Today, ISIS, Syria, and refugees roughly substitute for the Iraq war, and when compounded with Russia, the Iranian nuclear deal, the Middle East, the Keystone pipeline, Cuba, Libya, China, North Korea, trade deals, and immigration, these subjects add to a still longer list of national security issues that large numbers of voters hold the current administration and Clinton – by close association – responsible for.  Her public scenes – e.g., her Sunday talk show discussion of Assad as a "reformer," the embarrassingly awkward "reset" with Russia, and the often replayed Benghazi hearing sequence ("What difference at this point does it make?") – only reinforce her ties to Obama administration foreign policy.

A mounting sense that chaos is supplanting order around the world in ways that directly threaten the U.S. appears to be bringing public sentiment full circle back toward a more muscular defense and foreign policy than the current administration – where Clinton had a prominent role – has pursued.  Late 2015 polling shows by significant percentages that voters believe that the Obama administration is weak on foreign policy, has no strategy for Syria or ISIS, and projects weakness to our enemies.

Similar criticisms, like those of the Bush-era generals calling for a major change in direction away from administration policy, will vex Clinton's (and the Democrats') campaign.  She has already had to tread a fine line to distance herself from Obama administration foreign policy (to include her own actions as his secretary of state) to parry attacks the she would simply be a third Obama term, yet not go so far as to alienate her base and core Obama supporters.

Further confounding her securing any such group's support are the unavoidable conversations about her telling personal lapses.  Ranging from the serious (Benghazi with its fallout and the active, still deepening FBI investigation into her handling of classified materials) to the trifling (her claim she dodged sniper fire on an airport tarmac in Bosnia), she runs afoul of a group that still collectively holds the values of integrity, character, and honesty in highest regard.

If polling is any indicator, Mrs. Clinton has few fans in the military from whom to find that support.  A late 2015 Rally Point/Rasmussen national survey of active and retired military personnel finds that only 15% have a favorable opinion of her, and just 3% view the former secretary of state "very favorably."  She is seen unfavorably by 81%, including 69% who share a "Very Unfavorable" impression.  Thirty-one percent of voters say they trust Clinton, with little difference between active service members and veterans when it comes to opinions about her.  Other polling suggests that military personnel have also not been dissuaded from backing her main opponents (dubbed the "outsider candidates") by those who contend they have weak foreign policy credentials and do not have recognized experts as national security advisers.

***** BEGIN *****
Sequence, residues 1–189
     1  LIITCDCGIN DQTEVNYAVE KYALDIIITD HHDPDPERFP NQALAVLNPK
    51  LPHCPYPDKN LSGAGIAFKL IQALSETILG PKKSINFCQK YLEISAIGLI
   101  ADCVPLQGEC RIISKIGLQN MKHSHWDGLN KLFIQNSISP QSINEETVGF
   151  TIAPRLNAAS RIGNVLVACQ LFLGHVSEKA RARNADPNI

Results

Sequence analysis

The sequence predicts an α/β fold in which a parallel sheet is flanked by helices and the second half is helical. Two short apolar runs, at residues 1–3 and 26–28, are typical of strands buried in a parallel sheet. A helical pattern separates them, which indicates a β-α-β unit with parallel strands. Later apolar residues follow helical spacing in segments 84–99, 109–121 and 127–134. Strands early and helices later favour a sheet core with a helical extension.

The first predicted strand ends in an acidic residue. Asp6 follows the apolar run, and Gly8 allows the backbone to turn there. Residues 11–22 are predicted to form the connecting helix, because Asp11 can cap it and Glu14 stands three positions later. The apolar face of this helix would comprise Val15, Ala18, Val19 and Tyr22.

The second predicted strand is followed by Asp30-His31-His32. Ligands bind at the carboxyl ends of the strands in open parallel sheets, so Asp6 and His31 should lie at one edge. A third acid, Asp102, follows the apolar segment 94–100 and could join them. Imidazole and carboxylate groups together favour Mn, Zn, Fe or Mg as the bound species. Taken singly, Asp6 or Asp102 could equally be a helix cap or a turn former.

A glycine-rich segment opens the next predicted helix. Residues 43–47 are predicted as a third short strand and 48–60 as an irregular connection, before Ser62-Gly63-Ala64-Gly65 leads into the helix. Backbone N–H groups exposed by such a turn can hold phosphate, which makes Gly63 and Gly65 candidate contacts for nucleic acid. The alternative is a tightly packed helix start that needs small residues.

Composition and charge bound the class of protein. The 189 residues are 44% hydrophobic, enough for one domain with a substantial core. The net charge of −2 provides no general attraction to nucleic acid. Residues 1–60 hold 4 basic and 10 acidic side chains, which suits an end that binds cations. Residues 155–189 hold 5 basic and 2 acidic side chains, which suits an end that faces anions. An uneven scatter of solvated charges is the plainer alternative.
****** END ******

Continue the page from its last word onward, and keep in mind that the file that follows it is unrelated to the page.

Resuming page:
As the military's most senior leaders, these retired admirals and generals all presided over promotion boards for more junior officers to decide on their potential and suitability to serve in higher ranks.  Basic military promotion board thinking is to dispassionately evaluate an individual's potential to serve in a higher grade based on his record of capabilities, performance, and results.

After similarly appraising Mrs. Clinton's track record on national security and diplomacy, accompanied by those unavoidable conversations over her integrity and honesty, will that group "promote" her in 2016?  Will members of that company of retired senior military leaders answer her call?  Given the military's performance-based ethos, coupled with the ideals and standards U.S. military members are held to account for, it seems increasingly likely that few among them would publicly offer up their names and professional reputations for her political fortunes.

Colonel Krisinger retired from the Air Force after 30 years of service.  He served two tours as a senior military adviser at the State Department.